Animalia > Arthropoda > Malacostraca > Amphipoda > Hyalellidae > Hyalella > Hyalella azteca

Hyalella azteca (Scud)

Wikipedia Abstract

Hyalella azteca is a widespread and abundant species of amphipod crustacean in North America. It reaches 3–8 mm (0.12–0.31 in) long, and is found in a range of fresh and brackish waters. It feeds on algae and diatoms and is a major food of waterfowl.
View Wikipedia Record: Hyalella azteca



Ambystoma maculatum (Spotted Salamander)[1]
Ameiurus melas (Black bullhead)[2]
Ameiurus natalis (Yellow bullhead)[1]
Anax junius (green darner)[1]
Anaxyrus americanus americanus (Eastern American Toad)[1]
Archoplites interruptus (Sacramento perch)[3]
Aythya affinis (Lesser Scaup)[2]
Calopteryx maculata (Ebony jewelwing)[1]
Corydalus cornutus (dobsonfly)[1]
Eurycea guttolineata (Three-lined Salamander)[1]
Gambusia holbrooki (Bore-drain fish)[1]
Ictalurus punctatus (Channel catfish)[1]
Ischnura posita (Fragile forktail)[1]
Lithobates catesbeianus (American Bullfrog)[1]
Lithobates sphenocephalus sphenocephalus (Florida Leopard Frog)[1]
Micropterus salmoides (Northern largemouth bass)[1]
Notophthalmus viridescens (Eastern Newt)[1]
Perca flavescens (Yellow perch)[2]
Procotyla fluviatilis (Flatworm)[1]
Pseudacris crucifer (Spring Peeper)[1]
Semotilus atromaculatus (Horned dace)[1]
Utricularia macrorhiza (greater bladderwort)[1]


Carex stricta (upright sedge)[1]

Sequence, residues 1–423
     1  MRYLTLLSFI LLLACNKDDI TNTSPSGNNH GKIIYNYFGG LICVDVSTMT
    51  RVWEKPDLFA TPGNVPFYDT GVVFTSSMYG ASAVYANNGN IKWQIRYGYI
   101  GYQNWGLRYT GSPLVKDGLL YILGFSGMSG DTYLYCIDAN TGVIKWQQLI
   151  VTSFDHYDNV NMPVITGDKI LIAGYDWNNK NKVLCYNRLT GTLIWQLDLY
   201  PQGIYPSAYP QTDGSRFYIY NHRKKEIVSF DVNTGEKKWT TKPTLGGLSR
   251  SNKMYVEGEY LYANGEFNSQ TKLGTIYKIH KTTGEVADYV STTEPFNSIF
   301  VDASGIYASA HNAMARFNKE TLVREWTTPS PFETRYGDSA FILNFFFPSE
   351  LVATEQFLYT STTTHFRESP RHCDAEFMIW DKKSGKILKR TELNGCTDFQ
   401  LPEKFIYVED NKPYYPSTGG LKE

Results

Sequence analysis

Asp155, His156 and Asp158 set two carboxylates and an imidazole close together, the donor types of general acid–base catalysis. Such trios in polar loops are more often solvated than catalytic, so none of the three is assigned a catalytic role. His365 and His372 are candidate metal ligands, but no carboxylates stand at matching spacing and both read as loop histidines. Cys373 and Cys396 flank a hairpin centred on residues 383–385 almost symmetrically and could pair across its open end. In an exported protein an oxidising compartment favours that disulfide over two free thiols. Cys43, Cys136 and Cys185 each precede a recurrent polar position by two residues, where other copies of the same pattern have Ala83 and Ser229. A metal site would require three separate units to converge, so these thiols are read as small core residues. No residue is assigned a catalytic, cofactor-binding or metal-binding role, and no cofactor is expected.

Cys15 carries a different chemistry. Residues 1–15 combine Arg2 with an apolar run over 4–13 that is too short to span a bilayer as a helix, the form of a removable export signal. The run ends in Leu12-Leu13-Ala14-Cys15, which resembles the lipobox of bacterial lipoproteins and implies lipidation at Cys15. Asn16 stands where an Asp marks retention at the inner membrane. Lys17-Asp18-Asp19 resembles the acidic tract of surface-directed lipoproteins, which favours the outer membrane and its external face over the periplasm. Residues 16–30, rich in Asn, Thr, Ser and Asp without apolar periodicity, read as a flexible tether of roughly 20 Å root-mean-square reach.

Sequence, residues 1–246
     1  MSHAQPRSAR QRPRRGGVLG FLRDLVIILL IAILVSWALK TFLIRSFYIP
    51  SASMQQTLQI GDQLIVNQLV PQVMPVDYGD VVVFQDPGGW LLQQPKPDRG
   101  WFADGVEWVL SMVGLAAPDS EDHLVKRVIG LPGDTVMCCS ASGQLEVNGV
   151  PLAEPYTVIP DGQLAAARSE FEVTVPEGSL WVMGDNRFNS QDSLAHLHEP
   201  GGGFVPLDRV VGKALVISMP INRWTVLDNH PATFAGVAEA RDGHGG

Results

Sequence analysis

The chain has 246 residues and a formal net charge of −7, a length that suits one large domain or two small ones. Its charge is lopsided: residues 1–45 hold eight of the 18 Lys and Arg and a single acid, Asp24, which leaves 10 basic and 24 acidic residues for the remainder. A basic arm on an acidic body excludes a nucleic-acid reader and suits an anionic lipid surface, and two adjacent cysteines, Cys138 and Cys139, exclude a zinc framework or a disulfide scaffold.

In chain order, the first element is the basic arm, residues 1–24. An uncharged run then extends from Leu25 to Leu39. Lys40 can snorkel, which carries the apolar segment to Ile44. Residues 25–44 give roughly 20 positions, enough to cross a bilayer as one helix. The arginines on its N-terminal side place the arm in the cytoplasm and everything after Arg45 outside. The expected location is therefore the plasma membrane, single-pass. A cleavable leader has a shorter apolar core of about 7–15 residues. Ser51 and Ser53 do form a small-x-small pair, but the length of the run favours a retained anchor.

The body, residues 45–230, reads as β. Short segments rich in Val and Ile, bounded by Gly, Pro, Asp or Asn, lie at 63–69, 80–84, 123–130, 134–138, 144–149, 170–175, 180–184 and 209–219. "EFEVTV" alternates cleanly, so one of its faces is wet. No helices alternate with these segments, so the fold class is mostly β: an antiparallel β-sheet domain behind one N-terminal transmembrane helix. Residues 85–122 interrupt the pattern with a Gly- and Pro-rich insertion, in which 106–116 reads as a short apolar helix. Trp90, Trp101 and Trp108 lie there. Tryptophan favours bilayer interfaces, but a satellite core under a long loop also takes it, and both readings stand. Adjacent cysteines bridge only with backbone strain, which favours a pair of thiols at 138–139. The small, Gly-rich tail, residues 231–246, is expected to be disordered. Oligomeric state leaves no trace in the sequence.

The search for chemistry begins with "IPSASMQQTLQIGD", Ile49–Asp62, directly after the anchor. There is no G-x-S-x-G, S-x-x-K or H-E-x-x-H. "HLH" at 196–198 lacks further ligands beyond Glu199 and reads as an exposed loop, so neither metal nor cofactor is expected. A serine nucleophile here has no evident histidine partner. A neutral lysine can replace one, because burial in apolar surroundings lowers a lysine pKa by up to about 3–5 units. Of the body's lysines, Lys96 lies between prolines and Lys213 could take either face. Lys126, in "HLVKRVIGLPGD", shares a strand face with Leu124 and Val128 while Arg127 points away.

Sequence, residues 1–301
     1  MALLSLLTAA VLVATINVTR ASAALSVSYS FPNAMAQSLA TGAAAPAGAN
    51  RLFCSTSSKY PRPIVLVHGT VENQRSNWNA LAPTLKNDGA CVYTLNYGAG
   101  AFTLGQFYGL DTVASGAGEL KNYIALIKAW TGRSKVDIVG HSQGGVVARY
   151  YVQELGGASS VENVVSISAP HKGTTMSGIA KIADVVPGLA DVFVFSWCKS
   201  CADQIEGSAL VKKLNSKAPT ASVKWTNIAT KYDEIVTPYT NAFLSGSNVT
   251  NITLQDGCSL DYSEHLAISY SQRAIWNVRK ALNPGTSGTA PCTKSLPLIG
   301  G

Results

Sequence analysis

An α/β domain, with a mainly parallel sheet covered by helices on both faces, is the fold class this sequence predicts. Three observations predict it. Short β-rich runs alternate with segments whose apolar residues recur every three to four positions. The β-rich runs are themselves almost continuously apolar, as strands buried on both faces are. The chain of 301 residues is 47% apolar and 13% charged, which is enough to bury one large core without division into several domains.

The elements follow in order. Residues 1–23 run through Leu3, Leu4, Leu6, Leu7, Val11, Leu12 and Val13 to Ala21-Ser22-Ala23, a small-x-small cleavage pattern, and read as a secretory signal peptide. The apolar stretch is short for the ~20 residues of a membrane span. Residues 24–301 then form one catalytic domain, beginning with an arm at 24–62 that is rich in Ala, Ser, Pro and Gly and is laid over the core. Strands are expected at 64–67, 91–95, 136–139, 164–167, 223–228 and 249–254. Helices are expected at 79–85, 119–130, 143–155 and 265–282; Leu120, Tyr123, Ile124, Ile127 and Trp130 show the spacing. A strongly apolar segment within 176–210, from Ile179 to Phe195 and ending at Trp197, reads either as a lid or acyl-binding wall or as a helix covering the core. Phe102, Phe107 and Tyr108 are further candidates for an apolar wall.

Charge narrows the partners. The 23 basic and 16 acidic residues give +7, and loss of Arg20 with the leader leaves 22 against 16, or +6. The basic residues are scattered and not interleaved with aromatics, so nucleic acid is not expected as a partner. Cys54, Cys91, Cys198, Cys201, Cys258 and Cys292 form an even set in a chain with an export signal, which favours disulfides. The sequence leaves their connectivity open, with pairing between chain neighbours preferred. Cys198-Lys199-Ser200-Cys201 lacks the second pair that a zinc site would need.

Cephalanthus tetrandra (Buttonbush)[1]
Peltandra virginica (green arrow arum)[1]
Phragmites australis (common reed)[1]
Pontederia cordata (Pickerel Weed)[1]
Potamogeton lucens (long-leaf pondweed)[1]
Typha latifolia (Reedmace)[1]
Utricularia macrorhiza (greater bladderwort)[1]


Parasitized by 
Fimbriaria fasciolaris[4]
Haematoloechus complexus <Unverified Name>[4]
Hymenolepis pusilla <Unverified Name>[4]
Hymenolepis spinocirrosa <Unverified Name>[4]
Hymenolepis trombidacantha <Unverified Name>[4]
Leptorhynchoides thecatus[4]
Microsomacanthus hopkinsi <Unverified Name>[4]
Microsomacanthus tuvensis <Unverified Name>[4]
Pomphorhynchus bulbocolli[4]



Attributes / relations provided by 1Study of Northern Virginia Ecology 2Patterns of prey use by lesser scaup Aythya affinis (Aves) and diet overlap with fishes during spring migration, Kimberly A. Strand, Steven R. Chipps, Sharon N. Kahara, Kenneth F. Higgins, Spencer Vaa, Hydrobiologia (2008) 598:389–398 3TROPHIC ECOLOGY AND BIOENERGETICS MODELING OF SACRAMENTO PERCH (ARCHOPLITES INTERRUPTUS) IN ABBOTTS LAGOON, POINT REYES NATIONAL SEASHORE, Kasey Lauren Bliesner, Masters Thesis, Humboldt State University (2005) 4Gibson, D. I., Bray, R. A., & Harris, E. A. (Compilers) (2005). Host-Parasite Database of the Natural History Museum, London
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Abstract provided by DBpedia licensed under a Creative Commons License
Weather provided by NOAA METAR Data Access